Earlier, while I was sitting at the computer, typing away, K. handed me a large orange, bright as a burning round sun. It was cold in my hands as I immediately peeled and devoured it, the sharp oils in the thick, gleaming skin staining my fingers as I dug my nails into the smooth rind around the pleated navel at one end, peeling it away, piece by piece, to reveal the white pith that conceals the flesh beneath. It was a perfect balance of sweetness and acidity, bursting with juice, dribbling all over the place as I ate it.
Oranges remind me of winter. When I was young we spent most of our Christmas holidays in Taipei, where you could get a kind of orange, about the size of a tangerine, the skin almost loose and a little baggy, thin and easily peeled away. They were sweeter than any other kind of orange I had ever eaten, before or since, only available locally and in the winter. I had some again a few years ago, after over a decade's absence. They were not the same, but then, I didn't think it would. Nothing ever tastes as good as you remember it being, particularly something you loved as a child.
Here in Seattle you can get Satsuma oranges, smaller than those that I remember from my Taiwanese holidays, but with that same baggy, loose skin that peels away so easily you can make one long spiral of the peel. They come with a few leaves still attached, which become dry and brittle as the days go by and they sit heaped on the counter. But of course they never last that long, as I can eat several of them at once. I wait for them all year long and when I see them in stores I know that winter has come again.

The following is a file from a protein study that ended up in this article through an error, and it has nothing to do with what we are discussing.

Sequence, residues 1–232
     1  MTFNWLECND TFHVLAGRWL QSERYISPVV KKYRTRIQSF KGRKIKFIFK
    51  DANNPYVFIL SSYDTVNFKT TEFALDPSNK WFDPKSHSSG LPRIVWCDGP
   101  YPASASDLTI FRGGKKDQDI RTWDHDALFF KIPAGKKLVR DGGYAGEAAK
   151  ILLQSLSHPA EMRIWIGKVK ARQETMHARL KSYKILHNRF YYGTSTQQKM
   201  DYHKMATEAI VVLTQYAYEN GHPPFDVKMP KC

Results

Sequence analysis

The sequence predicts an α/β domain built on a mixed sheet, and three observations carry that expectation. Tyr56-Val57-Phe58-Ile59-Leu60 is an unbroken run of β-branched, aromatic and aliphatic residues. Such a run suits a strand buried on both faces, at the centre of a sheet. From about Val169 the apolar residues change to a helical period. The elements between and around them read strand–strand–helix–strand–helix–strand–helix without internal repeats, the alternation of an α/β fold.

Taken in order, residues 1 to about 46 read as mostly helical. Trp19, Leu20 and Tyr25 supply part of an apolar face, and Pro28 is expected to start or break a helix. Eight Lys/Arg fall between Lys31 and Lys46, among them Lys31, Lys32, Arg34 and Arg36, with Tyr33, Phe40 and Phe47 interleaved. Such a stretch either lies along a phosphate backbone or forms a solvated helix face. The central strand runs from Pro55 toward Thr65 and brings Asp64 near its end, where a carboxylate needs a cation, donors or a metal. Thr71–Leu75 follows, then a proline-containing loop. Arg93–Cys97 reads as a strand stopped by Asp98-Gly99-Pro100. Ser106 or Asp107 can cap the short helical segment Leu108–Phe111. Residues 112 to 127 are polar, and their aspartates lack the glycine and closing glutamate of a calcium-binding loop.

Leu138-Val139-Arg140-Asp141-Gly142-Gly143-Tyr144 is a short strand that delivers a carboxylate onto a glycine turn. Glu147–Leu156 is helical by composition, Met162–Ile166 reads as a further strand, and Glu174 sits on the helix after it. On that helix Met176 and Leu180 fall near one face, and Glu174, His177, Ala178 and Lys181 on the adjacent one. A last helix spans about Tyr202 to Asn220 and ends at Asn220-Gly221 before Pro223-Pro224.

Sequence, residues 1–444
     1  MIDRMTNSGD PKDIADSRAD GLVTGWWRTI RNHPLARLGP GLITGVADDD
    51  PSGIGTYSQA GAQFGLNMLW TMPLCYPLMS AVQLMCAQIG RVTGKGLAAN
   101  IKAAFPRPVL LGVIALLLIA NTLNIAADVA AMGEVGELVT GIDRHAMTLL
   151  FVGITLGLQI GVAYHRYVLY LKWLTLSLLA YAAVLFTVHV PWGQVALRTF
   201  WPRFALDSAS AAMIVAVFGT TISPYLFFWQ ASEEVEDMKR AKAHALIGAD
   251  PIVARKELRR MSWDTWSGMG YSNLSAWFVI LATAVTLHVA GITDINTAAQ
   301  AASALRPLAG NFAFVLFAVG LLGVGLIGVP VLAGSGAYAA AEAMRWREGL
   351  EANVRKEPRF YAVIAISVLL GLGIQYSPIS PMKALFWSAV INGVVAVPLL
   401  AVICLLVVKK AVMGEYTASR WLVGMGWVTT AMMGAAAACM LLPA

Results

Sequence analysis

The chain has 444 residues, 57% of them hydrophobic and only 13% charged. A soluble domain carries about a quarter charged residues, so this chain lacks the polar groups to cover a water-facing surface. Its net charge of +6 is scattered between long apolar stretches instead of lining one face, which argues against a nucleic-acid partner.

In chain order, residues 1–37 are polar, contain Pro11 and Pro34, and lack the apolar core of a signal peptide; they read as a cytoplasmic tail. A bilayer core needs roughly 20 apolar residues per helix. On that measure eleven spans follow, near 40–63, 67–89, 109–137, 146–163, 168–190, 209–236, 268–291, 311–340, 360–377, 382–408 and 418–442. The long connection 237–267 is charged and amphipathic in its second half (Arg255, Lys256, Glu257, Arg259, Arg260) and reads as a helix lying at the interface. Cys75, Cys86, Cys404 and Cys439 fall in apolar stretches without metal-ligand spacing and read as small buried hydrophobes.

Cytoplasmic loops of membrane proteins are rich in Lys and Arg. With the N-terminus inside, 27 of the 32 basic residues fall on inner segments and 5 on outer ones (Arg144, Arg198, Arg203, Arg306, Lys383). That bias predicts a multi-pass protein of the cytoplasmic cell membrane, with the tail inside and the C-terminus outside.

And then there are Clementines, packed in crates made of thin wooden slats or cardboard boxes wrapped in plastic mesh, each orange tiny and perfect, with thin, tight skins that, like Satsumas, peel away easily in a single spiral. I find that I always eat three or four of them at a time, leaving a trail of skins behind me like Hansel and Gretel placing white stones behind them to mark a path home. Piles of the abandoned peels gather on every available surface, coiled like empty snakeskins, much to the annoyance of everyone around me.
Navel oranges are a litle different, with their thick skins and acidic sweetness. Chinese restaurants serve them after every meal, sliced into wedges; I would strip the flesh from the skins with my teeth, all the way down to the bitter pith. They always remind me of interminable banquets ending with bowls of sweet red-bean soup, or soccer games where each week a different parent would bring bags and bags of orange slices. They make me think of school cafeterias where the oranges would be piled in wicker baskets alongside red apples and yellow bananas, a study in primary colors next to the cash registers.
Spring is around the corner, but scent of oranges burnt into my skin reminds me that winter is still here.